You guys may remember a turkey hunt I went on a few months back. There I complained about the shotgun sling I was using. The problem was that I was using a regular over the shoulder swing. While that was adequate when walking on level ground, one I started going up and down hills, and through the brush, it started to become a serious problem. Every time I would try to use my arms or lean forward, the shotgun would swing around.
When I returned, I started looking at different sling options. Unfortunately, none of them struck me as particularly impressive; certainly not enough for me to pay money for them. The best designs I saw attached the gun to the backpack itself, but even those looked like they would allow the gun to swing around when traveling over rough terrain. Kifaru has a sling that attaches one end to the backpack and then passes the rifle under your arm for stability. That was the best option I saw, but I didn’t want to have the rifle impede my arm movement.
Anyway, I was heading into the woods the following week, and I decided to put something together. I pretty much looked for a way to attach the shotgun to my backpack, much like I would a pair of snowshoes. It wouldn’t be a quick release attachment, but it is something I was willing to put up with. The result worked well enough for me, and I have been using it for some time now.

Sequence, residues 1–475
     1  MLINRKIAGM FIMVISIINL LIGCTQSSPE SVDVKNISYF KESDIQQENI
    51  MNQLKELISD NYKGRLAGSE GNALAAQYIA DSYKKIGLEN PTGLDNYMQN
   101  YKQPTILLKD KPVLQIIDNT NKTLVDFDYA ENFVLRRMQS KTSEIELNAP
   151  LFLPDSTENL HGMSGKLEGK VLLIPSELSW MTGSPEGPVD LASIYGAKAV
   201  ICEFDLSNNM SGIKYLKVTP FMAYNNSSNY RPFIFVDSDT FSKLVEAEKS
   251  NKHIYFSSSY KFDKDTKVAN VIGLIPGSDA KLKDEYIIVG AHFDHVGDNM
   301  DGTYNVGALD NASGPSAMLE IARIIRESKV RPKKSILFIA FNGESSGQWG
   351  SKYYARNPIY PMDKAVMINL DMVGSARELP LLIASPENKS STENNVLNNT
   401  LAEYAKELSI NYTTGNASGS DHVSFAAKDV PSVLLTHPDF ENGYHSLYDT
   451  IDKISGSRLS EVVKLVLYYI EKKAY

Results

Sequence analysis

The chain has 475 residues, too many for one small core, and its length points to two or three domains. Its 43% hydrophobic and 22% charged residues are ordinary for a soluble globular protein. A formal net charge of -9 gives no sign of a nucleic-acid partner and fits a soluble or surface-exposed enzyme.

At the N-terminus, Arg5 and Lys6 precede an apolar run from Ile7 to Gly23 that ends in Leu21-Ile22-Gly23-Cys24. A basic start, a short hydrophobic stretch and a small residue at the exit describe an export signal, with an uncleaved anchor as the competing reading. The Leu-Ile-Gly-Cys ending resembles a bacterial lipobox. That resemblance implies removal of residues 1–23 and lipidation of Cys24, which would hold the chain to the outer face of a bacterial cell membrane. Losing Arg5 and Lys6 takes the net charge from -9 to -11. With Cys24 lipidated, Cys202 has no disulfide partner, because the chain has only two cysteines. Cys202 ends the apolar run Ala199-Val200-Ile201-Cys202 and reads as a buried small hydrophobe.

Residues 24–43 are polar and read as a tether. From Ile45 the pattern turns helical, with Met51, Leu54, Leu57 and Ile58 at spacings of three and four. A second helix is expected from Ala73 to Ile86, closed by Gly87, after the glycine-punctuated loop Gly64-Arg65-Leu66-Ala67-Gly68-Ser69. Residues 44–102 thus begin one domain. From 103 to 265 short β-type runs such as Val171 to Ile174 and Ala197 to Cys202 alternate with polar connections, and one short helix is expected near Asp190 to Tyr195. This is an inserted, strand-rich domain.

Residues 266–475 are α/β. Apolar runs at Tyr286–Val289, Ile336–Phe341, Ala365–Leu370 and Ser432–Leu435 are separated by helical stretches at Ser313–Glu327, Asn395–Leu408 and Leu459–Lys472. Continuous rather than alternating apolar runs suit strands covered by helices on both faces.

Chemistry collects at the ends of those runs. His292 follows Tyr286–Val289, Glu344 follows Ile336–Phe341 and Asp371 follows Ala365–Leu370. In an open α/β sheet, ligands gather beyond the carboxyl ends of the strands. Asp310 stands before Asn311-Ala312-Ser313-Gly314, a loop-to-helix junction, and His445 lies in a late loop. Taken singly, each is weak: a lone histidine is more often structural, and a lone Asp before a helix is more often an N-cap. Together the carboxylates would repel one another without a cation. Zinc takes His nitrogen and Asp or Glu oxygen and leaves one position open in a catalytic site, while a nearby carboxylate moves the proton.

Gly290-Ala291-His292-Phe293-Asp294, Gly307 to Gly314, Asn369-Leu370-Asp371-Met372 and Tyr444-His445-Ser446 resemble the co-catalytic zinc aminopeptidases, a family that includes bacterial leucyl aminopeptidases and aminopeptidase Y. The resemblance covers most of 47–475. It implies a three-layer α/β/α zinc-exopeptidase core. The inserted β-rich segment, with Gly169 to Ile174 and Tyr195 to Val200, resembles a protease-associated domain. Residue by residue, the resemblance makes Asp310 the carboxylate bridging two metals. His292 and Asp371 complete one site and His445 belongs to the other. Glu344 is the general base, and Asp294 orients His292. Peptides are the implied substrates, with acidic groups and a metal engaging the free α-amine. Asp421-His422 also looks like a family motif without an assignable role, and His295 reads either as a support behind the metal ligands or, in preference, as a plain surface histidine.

The main problem with attaching a rifle or shotgun to a backpack is the length of the gun. Most full size shotguns and rifles will be fairly long. This prevents them from being strapped to the backpack the same way you would with snowshoes, trekking poles, etc. Typically, the way you would strap any heavy item to the side of a backpack is to place the end of the item in the side pocket at the bottom of the pack, and then use the straps on the side of the pack to tighten down the item. If I did that with the shotgun you see above, it would be sticking several feet above my head, making traveling through the forest very difficult.
The solution was to attach the lower end of the gun to a point below the backpack. That way it would be better centered on the side of the pack. I accomplished that just by using a piece from the over the shoulder sling I was using earlier.
The sling attaches to the rifle or shotgun using two swivels that connect to the bolts at the front and back of the gun. What I did was to use the swivel and portion of the sling that attaches to the stock of the gun, and then instead of using the rest of the sling, I just attached it to the frame of the pack. On my backpack, near the area between the hip belt and the back of the pack, there is some exposed frame. I just looped the nylon webbing through there and threaded it back through the buckle, which attached it very securely. The webbing can be adjusted using the buckle to lower or raise the swivel mount.
To attach the gun, just clip on the swivel.
Then secure the gun to the pack using the straps on the side of the backpack. To remove the gun, undo the pack straps and unclip the swivel. It is not something you can do while the pack is on your back, but takes only a few seconds after the pack has been removed.
This attachment holds the gun securely in place and keeps it out of your way while walking through various terrain. I’m sure I will find a better method in the future, but it has been working well for me so far.